The Torah goes to great lengths to describe the details of the lives of our forefathers because of the moral lessons their actions convey.
Abraham, a man of peace and compassion, did not hesitate to risk his life and go to war against four powerful kings in order to rescue his nephew, despite their falling out.
When he returned victorious from battle together with the possessions that had been taken from the king of Sodom, the king offered it all to Abraham as his reward.
Abraham replied, “I raise my hand as an oath to G-d that I will not take a thing of yours!”
It seems a little extreme for Abraham to take a solemn oath. Why didn’t he simply say “thanks but no thanks”?
The Torah teaches an important code of conduct from Abraham’s actions and a lesson for our lives. When confronted with something we may want but believe we should decline, our first impulse may indeed be to refuse it. Soon afterwards, however, we may begin to recalculate and rethink our initial decision. Perhaps we acted too hastily, after all, there is nothing really wrong in accepting at least part of what we were offered, and there may even be legitimate reasons why we should do so. Within a relatively short period of time our capacity to rationalize produces ingenious arguments why we should really not turn down the offer.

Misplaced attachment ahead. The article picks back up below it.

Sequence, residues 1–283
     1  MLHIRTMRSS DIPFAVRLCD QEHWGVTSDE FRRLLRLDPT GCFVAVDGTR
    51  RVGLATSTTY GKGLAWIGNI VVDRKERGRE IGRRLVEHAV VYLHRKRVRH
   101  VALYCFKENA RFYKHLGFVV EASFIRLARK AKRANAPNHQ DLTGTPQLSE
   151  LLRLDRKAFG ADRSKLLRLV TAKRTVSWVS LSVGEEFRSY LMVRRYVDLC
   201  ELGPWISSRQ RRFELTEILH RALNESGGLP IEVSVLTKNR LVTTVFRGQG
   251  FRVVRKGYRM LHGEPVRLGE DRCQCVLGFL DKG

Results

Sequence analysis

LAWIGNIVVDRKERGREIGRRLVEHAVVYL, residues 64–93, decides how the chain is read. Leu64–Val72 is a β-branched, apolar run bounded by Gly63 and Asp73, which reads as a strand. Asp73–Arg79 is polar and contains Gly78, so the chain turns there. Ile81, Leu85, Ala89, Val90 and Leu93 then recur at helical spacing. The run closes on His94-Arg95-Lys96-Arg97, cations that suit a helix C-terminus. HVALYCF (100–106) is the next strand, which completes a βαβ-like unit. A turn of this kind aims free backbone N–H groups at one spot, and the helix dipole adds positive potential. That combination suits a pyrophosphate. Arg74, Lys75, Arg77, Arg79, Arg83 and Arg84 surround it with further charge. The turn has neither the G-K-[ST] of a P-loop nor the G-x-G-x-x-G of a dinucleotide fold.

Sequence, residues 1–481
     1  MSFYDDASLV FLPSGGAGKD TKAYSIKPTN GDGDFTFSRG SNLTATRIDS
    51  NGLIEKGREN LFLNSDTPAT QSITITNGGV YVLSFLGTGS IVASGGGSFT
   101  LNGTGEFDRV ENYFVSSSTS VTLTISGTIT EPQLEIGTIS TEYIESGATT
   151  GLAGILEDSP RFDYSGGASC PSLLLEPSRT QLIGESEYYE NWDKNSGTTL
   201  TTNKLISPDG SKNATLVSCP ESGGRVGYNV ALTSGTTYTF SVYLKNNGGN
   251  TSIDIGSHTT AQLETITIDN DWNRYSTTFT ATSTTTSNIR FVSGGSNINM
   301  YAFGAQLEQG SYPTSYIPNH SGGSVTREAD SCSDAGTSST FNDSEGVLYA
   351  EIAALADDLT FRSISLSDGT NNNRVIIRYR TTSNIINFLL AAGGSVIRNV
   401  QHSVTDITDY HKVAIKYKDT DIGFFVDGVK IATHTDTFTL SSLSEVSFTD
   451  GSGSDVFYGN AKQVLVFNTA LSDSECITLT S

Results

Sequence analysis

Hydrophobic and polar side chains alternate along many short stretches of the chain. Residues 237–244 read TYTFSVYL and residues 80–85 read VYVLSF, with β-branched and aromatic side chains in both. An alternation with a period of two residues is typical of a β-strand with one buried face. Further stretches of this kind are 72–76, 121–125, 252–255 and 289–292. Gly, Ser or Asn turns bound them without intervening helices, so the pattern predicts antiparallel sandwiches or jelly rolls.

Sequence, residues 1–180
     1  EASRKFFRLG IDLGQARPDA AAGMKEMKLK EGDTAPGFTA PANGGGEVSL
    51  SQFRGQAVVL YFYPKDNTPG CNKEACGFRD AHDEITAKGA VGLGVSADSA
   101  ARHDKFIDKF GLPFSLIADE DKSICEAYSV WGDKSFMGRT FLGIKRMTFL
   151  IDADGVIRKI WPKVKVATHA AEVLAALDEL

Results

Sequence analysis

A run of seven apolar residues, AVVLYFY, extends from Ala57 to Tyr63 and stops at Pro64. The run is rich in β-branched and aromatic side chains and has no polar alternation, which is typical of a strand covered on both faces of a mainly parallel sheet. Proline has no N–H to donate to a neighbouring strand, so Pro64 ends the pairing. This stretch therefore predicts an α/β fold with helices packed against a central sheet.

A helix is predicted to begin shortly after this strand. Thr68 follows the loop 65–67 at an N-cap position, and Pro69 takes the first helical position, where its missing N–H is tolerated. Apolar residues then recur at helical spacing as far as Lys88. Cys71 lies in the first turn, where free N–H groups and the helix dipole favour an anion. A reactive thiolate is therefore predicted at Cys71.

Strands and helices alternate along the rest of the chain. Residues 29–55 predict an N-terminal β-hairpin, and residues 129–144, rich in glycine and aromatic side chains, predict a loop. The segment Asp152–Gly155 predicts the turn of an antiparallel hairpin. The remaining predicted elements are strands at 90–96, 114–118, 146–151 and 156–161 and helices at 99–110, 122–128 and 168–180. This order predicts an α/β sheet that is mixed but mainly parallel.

Abraham knew he was right in rejecting the king’s offer, but just a little bit later, he might be tempted to change his mind.
Therefore, he took a solemn oath and bound himself irrevocably to his decision and thereby no longer had to struggle to resist his own rationalizations or outside influences.
~ Rabbi Shaul